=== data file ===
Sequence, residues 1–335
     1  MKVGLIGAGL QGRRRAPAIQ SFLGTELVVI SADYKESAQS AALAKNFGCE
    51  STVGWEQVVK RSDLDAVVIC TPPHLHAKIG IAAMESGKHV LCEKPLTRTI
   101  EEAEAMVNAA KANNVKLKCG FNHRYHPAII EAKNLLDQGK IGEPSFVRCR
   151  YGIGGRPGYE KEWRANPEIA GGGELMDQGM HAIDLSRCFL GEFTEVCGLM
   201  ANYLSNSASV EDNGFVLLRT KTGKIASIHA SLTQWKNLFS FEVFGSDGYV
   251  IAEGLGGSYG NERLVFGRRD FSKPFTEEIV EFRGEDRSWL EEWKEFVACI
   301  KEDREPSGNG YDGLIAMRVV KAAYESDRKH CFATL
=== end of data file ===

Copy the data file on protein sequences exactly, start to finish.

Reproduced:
Sequence, residues 1–335
     1  MKVGLIGAGL QGRRRAPAIQ SFLGTELVVI SADYKESAQS AALAKNFGCE
    51  STVGWEQVVK RSDLDAVVIC TPPHLHAKIG IAAMESGKHV LCEKPLTRTI
   101  EEAEAMVNAA KANNVKLKCG FNHRYHPAII EAKNLLDQGK IGEPSFVRCR
   151  YGIGGRPGYE KEWRANPEIA GGGELMDQGM HAIDLSRCFL GEFTEVCGLM
   201  ANYLSNSASV EDNGFVLLRT KTGKIASIHA SLTQWKNLFS FEVFGSDGYV
   251  IAEGLGGSYG NERLVFGRRD FSKPFTEEIV EFRGEDRSWL EEWKEFVACI
   301  KEDREPSGNG YDGLIAMRVV KAAYESDRKH CFATL